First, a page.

Saturday, November 27, 2010

Class 150 - working with Four Patch blocks

Over the past few weeks, I've been working my way through the opening lessons in Class 150 - Base Grids, Grid Sizes, Drafting and Mock-ups.  I utilized those skills (along with the valuable table on log sizes in Class 140) to enlarge the log cabin quilt to baby play mat size rather than table topper size.  Conveniently, the carpet in my office has 3 inch squares, so I could measure off approximations of how big the quilt would be using various size logs.

Last night I was moved on to lesson 6 - the four patch blocks.  This first involved locating the bag in which my sampler is stored - though while I located the bag for the fabric, the sampler itself appears to be AWOL. Fortunately I don't actually need it until I reach the Sophomore year, so I have time to figure out where I've stashed it.

I'm actually quite pleased with the way my four patch blocks turned out.  I did first attempt to fold the seams so that they would be on the darker fabric as is generally done and it just wasn't working the way it should - so when folding the seams towards the lighter fabric, I realized that the reason you get little four patches at the center of each block is that a few stitches are released to open those seams.  The blocks did open better for me when I first used my fingernails to set the seams since I wasn't pressing them to one side first. Otherwise they didn't press all the way open and had to be re-pressed.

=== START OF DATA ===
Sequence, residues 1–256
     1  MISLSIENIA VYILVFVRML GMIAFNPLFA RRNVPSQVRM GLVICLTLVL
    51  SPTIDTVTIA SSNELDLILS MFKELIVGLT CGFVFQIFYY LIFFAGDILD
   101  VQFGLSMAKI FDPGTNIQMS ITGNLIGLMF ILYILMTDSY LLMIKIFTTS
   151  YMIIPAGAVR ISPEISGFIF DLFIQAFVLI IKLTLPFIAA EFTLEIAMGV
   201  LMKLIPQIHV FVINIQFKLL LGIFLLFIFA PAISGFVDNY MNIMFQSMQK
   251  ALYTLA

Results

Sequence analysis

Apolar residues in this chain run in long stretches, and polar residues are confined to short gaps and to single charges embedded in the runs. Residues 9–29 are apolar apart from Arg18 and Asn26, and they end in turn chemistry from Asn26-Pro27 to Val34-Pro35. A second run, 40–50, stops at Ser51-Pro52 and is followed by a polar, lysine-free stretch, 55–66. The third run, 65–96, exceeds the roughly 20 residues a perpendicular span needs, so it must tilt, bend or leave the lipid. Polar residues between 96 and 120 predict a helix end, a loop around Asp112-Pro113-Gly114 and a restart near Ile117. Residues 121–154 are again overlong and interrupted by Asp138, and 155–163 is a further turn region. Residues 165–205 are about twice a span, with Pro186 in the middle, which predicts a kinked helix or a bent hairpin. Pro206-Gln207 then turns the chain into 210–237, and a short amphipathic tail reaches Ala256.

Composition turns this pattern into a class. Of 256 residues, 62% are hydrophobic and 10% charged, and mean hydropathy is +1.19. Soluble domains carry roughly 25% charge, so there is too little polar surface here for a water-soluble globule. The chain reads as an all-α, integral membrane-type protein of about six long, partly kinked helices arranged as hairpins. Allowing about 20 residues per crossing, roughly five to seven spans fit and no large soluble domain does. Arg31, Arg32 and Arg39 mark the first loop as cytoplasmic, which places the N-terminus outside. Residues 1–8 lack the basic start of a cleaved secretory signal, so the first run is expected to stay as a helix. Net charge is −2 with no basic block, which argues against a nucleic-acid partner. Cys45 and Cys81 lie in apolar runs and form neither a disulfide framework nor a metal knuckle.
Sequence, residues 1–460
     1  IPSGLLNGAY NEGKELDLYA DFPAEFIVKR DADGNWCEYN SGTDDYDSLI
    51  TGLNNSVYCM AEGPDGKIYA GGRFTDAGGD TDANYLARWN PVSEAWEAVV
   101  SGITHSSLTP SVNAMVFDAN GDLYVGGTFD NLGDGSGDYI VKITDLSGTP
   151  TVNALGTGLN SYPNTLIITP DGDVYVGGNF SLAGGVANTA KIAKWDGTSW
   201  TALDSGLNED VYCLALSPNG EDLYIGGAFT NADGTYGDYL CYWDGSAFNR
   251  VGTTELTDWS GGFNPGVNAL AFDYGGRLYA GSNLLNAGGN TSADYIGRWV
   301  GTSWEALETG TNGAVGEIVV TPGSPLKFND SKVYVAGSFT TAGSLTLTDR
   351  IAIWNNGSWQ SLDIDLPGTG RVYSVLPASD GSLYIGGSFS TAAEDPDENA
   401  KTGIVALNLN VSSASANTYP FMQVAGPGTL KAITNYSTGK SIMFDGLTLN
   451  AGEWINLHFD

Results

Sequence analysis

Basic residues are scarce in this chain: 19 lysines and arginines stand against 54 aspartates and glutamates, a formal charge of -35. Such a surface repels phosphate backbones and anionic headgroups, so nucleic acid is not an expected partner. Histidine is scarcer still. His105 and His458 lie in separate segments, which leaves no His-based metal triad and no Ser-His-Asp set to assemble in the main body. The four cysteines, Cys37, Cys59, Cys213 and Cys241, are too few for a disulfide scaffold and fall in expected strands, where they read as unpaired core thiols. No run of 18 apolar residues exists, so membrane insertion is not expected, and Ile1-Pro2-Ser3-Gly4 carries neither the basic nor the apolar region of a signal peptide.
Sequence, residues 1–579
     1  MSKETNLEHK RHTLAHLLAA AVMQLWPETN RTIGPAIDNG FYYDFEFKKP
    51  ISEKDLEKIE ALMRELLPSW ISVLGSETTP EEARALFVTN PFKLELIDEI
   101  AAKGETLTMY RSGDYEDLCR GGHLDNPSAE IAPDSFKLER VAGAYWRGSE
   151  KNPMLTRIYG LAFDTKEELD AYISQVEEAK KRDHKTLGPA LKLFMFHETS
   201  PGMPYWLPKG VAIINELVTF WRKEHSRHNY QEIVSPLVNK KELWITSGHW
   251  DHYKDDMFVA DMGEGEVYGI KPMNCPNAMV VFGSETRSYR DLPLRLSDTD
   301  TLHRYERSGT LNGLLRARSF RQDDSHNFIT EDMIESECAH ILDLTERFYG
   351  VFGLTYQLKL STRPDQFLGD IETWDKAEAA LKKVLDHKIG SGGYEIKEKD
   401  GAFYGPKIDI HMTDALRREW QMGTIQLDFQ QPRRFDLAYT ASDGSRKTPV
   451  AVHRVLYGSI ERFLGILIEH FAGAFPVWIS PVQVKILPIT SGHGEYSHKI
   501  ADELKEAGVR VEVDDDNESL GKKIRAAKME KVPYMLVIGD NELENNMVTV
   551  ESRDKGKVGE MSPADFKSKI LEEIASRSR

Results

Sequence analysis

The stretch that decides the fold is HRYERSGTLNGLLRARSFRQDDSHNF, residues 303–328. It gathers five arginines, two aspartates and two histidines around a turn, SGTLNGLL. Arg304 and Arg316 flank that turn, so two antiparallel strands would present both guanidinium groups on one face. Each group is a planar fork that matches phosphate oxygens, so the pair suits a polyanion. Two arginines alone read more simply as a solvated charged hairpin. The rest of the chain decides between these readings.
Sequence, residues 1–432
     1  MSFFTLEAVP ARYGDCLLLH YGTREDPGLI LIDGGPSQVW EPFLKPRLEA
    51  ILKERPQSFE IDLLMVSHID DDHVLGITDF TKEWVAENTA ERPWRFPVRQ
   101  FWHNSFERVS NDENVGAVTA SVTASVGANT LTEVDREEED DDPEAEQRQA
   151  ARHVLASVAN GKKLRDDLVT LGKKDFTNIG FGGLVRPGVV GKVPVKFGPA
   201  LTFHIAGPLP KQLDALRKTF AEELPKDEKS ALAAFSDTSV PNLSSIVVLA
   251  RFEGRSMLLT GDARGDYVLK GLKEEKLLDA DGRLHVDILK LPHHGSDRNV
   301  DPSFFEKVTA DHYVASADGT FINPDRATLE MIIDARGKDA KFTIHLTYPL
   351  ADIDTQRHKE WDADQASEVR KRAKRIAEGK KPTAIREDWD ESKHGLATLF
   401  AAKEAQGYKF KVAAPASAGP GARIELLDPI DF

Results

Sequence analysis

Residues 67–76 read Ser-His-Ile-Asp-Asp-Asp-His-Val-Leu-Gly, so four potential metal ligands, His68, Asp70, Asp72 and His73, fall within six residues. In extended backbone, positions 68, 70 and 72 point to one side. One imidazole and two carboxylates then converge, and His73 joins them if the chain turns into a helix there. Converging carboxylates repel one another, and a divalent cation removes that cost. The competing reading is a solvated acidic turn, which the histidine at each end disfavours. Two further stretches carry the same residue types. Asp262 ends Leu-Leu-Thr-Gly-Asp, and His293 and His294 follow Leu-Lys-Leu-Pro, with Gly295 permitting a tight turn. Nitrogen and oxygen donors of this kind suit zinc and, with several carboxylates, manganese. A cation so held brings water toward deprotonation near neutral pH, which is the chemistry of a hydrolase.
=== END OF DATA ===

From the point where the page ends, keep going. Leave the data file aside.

Butting the seams to initially create the four patch blocks, it was easy to do as suggested to let the seam allowance lead in to the presser foot. Once I moved on to joining the four patches into eight patch blocks, I could not figure out how to do that again - looks like the seams didn't let me do it again - so had to be careful to butt them before feeding them in.

I did stop to check and trim the widths of the strips and blocks and happily had very little trimming to do along the way.  Finally, it was time to join the eight patch blocks together to create the 16 patch blocks.  I only had to undo one seam - as I managed to twist the alignment for one of the eight patches - and then had to redo the same seam as I didn't do a good job butting the seams together the second time.  Once again, the twist to open the center point seams worked out nicely - and I finished the evening measuring the blocks to be sure that they came out correctly.  The blocks are now safely bagged with the remaining material waiting for the next steps.

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